Impulse Control Activities & Games for Children

Instructor: David Wood

David has taught Honors Physics, AP Physics, IB Physics and general science courses. He has a Masters in Education, and a Bachelors in Physics.

Impulse control is a vital skill for all children as they grow older. However, young children find it very difficult indeed. We can help them grow their impulse control skills with activities and games, such as the ones we provide in this lesson.

Impulse Control Activities and Games

Impulse control can be very challenging for young students. Students rarely want to defy adults at a young age, but rather they need to learn to control themselves through practice. There are many things that parents and teachers can do which cause impulse control to get worse. For example, if parents or teachers have been inconsistent with doing what they said they would, it can teach students not to delay gratification. If students get exactly what they want, then it teaches them to demand it immediately as well. Thankfully there are certain games and activities that students can take part in which help them learn how to control their impulses through practice.

Patience Prizes

Patience prizes occur when students are given the option of having a small prize right away, a medium prize later on, or a large prize further into the future. This can be a standard practice in any game or activity. If a prize is offered, give students these three options, and let them pick. This will encourage them to delay gratification, and realize that it is better to wait for things. Even simple reward schemes like star charts can achieve the same thing, if students can redeem large numbers of stars for particularly exciting prizes.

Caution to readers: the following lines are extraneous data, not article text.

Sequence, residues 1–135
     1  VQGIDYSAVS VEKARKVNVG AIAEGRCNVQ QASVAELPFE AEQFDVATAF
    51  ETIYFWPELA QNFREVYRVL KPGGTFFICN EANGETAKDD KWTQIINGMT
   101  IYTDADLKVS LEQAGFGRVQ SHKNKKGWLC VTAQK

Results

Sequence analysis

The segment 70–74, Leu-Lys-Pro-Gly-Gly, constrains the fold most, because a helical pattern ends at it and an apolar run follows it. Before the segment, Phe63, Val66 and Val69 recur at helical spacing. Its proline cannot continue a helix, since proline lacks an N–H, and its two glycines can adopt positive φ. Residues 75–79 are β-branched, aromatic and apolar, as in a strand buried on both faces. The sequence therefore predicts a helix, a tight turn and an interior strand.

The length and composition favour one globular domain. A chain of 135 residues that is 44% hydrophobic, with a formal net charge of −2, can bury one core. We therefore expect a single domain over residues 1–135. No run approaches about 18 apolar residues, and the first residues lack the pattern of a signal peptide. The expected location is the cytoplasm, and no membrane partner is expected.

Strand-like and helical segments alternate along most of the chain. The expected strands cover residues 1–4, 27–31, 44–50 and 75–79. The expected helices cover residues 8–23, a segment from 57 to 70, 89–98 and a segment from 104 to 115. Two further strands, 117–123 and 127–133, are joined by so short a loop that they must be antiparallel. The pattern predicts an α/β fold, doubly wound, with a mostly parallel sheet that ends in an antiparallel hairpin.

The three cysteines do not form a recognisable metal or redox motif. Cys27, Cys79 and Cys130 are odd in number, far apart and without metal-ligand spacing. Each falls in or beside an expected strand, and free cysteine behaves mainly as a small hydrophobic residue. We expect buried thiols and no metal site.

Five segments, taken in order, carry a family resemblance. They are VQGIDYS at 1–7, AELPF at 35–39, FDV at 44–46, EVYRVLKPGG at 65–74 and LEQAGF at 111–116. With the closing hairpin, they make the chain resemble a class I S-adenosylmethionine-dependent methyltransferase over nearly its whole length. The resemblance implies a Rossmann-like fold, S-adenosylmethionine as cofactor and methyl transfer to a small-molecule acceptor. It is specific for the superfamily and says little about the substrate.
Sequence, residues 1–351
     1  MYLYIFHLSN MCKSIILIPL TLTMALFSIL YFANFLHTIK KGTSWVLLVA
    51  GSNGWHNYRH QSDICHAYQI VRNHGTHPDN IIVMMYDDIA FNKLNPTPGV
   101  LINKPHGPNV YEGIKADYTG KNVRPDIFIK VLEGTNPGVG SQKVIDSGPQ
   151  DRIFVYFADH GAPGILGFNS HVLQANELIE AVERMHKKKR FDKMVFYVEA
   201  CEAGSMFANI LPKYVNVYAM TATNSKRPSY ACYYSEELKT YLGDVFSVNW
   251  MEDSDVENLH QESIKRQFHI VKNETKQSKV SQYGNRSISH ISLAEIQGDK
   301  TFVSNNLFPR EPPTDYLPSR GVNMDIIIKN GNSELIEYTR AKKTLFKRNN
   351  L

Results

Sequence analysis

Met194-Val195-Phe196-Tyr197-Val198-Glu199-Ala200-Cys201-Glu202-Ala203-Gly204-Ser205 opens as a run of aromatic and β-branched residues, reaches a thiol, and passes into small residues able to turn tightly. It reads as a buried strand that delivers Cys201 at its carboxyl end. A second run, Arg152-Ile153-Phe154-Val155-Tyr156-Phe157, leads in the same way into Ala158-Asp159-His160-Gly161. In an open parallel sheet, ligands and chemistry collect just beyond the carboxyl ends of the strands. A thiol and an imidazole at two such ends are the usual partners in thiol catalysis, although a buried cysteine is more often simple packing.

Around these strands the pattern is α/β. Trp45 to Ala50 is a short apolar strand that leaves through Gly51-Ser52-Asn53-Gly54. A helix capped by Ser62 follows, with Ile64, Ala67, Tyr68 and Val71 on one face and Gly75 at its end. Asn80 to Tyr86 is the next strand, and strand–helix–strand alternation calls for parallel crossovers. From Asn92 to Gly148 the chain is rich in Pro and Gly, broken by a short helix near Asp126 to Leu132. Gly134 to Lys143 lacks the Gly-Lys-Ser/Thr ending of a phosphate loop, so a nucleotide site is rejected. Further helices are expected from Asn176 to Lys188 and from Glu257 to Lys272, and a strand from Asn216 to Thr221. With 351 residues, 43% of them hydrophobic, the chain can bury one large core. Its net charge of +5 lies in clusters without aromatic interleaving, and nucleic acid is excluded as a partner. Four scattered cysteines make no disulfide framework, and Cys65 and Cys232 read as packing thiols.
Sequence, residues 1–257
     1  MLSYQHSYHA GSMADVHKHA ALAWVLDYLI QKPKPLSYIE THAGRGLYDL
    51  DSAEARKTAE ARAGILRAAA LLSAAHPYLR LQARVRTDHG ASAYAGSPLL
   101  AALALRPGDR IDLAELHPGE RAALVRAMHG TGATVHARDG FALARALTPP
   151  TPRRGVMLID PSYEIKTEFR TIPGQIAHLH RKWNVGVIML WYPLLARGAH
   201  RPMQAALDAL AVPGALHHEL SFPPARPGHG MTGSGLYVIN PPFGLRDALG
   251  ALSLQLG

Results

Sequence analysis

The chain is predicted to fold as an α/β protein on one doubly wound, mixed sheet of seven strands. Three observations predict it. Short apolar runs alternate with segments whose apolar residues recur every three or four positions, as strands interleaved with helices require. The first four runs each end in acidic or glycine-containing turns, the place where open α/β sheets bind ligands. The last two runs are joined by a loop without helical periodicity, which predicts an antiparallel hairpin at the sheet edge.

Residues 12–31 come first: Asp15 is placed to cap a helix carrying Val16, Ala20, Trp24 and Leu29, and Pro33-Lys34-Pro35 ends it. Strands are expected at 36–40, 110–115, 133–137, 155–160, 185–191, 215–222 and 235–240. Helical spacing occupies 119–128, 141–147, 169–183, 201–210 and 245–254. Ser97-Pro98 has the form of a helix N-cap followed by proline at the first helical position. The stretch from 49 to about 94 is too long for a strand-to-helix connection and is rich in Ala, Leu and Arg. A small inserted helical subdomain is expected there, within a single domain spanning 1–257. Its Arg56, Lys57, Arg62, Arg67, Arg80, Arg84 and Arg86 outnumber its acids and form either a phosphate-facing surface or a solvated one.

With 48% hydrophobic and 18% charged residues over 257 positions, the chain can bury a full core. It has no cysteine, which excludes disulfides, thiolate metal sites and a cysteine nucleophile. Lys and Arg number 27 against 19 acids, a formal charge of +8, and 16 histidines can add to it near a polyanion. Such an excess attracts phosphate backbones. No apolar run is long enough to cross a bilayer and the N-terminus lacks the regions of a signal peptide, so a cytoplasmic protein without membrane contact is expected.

Freeze and Reverse Games

Some of the best kinds of impulse control games are freeze activities. This is where a student must do an activity, and then freeze on command. For example, students could dance around the classroom, and then freeze in place when the music stops. Alternatively, you could have an activity where students run or skip around the classroom on a green traffic light, and then have to freeze on a red traffic light.

To multiply the beneficial effect of such activities, occasionally change the rules. Switch the meaning of the red and green lights, or have them dance fast to slow music, and slow to fast music. This forces them to have to think about what they're doing, and does a far better job of growing impulse control than the basic version of the game. The other great thing about these games is that they involve exercise. Exercise releases endorphins which improve students' focus on themselves.

Traffic Lights and Remote Controls

Props like traffic lights and remote controls can be used to give students the idea of pausing and not immediately reacting. Students need to learn to stop, think about their feelings and what is happening, and then make a conscious decision to act in a certain way. A traffic light can represent this with a red light meaning stop, a yellow light meaning think, and a green light meaning go. Remote controls can also be used, where students pause to think, and can even rewind to try responding differently to a situation. These can be used by acting out certain scenarios, and having students practice figuring out the best way to react to that scenario. It can also be used as a way to mediate and deal with conflicts as they occur.

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